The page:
Swapping Fish

Superman

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29 Jan 2008
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Cheltenham
SuperColey1 said:
Stocking level doesn't matter really as long as its not ridiculously large. lol

You can adjust your dosing to the amount of fishload there is.

I personally stock very heavily and when fully stocked my 33USG tank will have:

I ignore the inch per gallon rule totally in that I tend to have up to 2" per gallon which of course would bring a chorus of dissaproval in a non planted forum, but they are a mix of bottom and middle dwellers and with plants and overfiltering they are fine and there isn't overcrowding (IMO).

Most pure scapers who add fish to compliment their scape tend to lean stock whereas people who just have plants (like me.lol) tend to 'overstock'

Choice is yours really but if having a heavy fishload it is better IMO to have fish that occupy different levels of the tank.

Andy

Interesting points Andy on the stocking levels.

My 180 ltr can only hold about 50" of fish and having a mixed species of two shoaling fish is not really an option.

However, as you say if we overfilter (I guess an external filter is required for this? If not what is the definition of overfiltering?) can have a denser population, I should be able to have a nice shoal of two species suchs as Harlequins & Pencilfish.

If not I was thinking of a large shoal of one and maybe a pair of discus as feature fish but heard that discus are fussy?

Then thinking of getting some shrimp for the clean up crew. Whats a good number of shrimp?
 

beeky

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21 Aug 2007
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879
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Chippenham, Wiltshire
The only fish I've ever taken to a shop was a large cantankerous sucking loach. I avoid them at all costs now and get annoyed when I see them for sale as I think they're completely wrong for a community tank (pet hate - can you tell?!)

If any of you have read the recent PFK about fish longevity, it's sometimes surprising that fish can live as long as they do. It's not unusual to have neons etc living for nearly 10 years. If you didn't swap them, you'd either have alot of tanks, or not be able to keep that much. In my community tank I've got 1 lemon tetra, 1 harlequin, 1 cardinal, 1 variatus platy and 1 ruby barb that are all the last remaining ones from their respective shoals that have existed over time. I've also got one elderly moonlight gourami. I've got quite attached to them over time. I know they're fish, but I feel responsibility towards them and wouldn't want them ending up with a noob and used for cycling his tank!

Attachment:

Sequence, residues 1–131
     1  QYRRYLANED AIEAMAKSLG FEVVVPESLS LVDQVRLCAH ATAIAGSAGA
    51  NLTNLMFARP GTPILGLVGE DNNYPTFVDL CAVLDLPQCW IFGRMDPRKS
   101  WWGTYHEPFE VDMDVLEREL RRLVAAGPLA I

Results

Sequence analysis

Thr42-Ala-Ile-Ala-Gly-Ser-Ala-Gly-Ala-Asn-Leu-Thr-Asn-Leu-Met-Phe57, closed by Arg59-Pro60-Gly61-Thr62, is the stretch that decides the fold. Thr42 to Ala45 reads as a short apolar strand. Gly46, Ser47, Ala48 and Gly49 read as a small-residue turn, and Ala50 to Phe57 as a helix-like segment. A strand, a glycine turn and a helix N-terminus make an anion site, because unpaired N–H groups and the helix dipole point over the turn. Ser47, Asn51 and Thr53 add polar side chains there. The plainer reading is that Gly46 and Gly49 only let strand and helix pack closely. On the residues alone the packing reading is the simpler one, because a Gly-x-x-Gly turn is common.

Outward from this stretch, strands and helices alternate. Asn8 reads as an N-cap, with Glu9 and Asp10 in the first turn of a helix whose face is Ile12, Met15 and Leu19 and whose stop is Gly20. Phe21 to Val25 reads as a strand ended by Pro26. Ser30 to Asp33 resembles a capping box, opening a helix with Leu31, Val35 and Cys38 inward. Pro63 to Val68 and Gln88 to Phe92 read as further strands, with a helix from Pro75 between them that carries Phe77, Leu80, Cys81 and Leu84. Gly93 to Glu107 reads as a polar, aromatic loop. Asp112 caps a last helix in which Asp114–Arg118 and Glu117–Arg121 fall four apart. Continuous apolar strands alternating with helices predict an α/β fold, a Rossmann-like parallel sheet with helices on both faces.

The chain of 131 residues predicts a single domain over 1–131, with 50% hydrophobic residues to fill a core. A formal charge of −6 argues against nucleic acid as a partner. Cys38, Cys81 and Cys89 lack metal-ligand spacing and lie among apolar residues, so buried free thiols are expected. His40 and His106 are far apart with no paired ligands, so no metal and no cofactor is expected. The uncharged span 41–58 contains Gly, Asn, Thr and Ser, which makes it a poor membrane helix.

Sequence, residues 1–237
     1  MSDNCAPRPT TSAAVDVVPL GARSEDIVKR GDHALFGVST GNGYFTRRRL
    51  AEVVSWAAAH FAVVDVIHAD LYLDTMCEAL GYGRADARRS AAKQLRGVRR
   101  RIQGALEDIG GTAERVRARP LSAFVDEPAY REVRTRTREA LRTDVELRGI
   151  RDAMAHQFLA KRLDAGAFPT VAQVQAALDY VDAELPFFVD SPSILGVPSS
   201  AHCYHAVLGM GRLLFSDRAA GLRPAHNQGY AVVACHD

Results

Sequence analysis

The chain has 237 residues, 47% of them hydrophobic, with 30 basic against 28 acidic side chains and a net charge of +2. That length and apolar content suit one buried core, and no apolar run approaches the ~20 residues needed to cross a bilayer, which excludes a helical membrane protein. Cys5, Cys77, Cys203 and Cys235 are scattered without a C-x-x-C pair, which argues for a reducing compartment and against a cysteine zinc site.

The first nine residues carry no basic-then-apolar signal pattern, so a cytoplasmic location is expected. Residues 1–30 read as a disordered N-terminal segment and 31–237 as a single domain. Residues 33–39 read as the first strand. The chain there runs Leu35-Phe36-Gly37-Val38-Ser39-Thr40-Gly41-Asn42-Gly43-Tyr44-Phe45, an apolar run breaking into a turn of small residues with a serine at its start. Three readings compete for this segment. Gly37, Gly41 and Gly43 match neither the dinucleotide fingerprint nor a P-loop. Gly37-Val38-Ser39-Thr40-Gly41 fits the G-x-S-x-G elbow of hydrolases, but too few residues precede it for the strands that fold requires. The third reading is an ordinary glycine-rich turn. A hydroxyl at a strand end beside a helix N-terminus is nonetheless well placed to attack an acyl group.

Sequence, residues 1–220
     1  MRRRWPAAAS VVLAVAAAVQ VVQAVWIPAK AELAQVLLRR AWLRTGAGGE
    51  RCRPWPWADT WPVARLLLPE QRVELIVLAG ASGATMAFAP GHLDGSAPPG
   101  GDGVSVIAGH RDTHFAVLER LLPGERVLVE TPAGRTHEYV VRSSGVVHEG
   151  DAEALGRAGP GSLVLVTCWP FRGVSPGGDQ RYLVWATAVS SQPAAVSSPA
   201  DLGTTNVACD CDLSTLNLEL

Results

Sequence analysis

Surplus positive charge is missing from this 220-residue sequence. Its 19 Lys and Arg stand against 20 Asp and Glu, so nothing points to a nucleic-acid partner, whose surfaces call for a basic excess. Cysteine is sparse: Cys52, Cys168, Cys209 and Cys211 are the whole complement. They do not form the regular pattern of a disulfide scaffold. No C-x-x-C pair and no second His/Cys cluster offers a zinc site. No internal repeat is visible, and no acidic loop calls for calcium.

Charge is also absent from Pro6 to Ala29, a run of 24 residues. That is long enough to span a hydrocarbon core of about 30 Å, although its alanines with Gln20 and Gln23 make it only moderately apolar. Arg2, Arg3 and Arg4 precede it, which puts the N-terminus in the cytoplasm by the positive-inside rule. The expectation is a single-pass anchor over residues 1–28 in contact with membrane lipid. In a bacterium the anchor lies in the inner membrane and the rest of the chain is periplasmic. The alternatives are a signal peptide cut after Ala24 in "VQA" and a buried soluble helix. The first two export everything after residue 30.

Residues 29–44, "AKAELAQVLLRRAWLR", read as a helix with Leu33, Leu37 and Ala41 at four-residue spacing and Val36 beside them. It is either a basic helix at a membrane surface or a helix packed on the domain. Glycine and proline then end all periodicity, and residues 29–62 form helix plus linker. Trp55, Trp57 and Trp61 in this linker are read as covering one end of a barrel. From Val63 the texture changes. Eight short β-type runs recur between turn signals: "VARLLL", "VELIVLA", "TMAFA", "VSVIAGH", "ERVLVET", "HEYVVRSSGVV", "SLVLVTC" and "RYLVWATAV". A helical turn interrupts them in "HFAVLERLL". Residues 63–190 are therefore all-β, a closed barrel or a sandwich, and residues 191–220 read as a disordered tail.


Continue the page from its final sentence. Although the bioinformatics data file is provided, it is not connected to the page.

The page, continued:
Maybe we should start a fish swap/donate scheme?

Anyone want two angelfish with ASBOs?
 

Themuleous

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6 Jul 2007
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4,124
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Aston, Oxfordshire
The onyl fish I've had to return was my snowking pleco. I was told he would get big but that would take years. Well he out grow the limit of my tanks in around 4 years, not every long really. I was sad to see him go, he was a great fish and one of my first, but I really couldn't provide for his needs and that was unfair.

Sam
 

GreenNeedle

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19 Jul 2007
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Lincoln UK
Superman

By overfiltering I mean that most people on this forum (planters) tend to use filters with 5-10x volume per hour. This is overfiltering. Coupled with plants using some ammonia then it gives lee-way for 'overstocking'

By my estimations you are going by the inch per gallon rule. This is for beginners really as 1 inch of tetra is virtually zero poop compared to 1 inch of plecs.

You can always have 2 large shoals in your tank. For example a shoal of mid dwellers like cardinals/neons and a shoal of top dwellers like danios etc.

Its up to the user what the max is and as long as they don't get ridiculous over the stocking as in 3-4 inches per gallon, then filters and plants can cope with the 'overload'. Most important thing is that there is enough room for the fish to live, swim and generally have as decent a life as possible.

Andy
 

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